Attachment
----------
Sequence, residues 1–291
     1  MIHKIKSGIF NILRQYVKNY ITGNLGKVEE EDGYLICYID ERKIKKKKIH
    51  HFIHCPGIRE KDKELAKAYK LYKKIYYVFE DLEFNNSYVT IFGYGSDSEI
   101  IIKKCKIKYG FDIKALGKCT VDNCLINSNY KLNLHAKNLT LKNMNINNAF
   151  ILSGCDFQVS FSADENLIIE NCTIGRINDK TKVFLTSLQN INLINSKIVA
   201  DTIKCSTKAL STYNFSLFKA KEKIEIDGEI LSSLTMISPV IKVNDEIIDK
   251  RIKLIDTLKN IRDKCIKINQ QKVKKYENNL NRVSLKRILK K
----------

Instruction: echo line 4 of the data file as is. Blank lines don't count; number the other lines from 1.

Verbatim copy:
   101  IIKKCKIKYG FDIKALGKCT VDNCLINSNY KLNLHAKNLT LKNMNINNAF